The structure of biological pathways represents our knowledge about the complex relationships between molecules (activation, inhibition, reaction, etc.). However, neither over-representation analysis or pathway enrichment analysis take the pathway structure into consideration when determining which pathways are more likely to be involved in the conditions under study.
It is obvious that changes in the key positions of a network will trigger more severe impact on the pathway than changes on marginal or relatively isolated positions. As illustrated by the figure below - the red node (more connections) and blue node (bottleneck) are considered more important that terminal nodes. The program uses two well-established node centrality measures to estimate node importance - degree centrality which emphasize red nodes, and betweenness centrality which emphasizes blue node. See detailed discussion on degree and betweenness centrality.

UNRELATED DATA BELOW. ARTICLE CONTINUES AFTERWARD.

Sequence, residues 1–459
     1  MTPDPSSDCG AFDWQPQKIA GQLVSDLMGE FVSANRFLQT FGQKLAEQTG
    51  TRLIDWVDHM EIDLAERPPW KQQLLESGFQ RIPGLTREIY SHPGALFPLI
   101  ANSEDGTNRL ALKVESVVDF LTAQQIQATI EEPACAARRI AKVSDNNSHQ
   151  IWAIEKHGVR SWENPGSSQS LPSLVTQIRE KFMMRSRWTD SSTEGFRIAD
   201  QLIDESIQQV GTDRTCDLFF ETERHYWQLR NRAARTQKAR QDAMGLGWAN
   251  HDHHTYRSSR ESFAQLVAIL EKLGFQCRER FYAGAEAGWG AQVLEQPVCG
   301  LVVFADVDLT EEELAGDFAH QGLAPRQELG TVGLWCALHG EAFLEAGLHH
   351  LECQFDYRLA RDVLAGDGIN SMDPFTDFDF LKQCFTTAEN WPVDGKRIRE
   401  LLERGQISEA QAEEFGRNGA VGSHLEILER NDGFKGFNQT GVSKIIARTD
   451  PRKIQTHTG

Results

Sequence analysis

Please note, for comparison among different pathways, the node importance values calculated from centrality measures are further normalized by the sum of the importance of the pathway. Therefore, the total/maximum importance of each pathway is 1; the importance measure of each metabolite node is actually the percentage w.r.t the total pathway importance, and the pathway impact is the cumulative percentage from the matched metabolite nodes.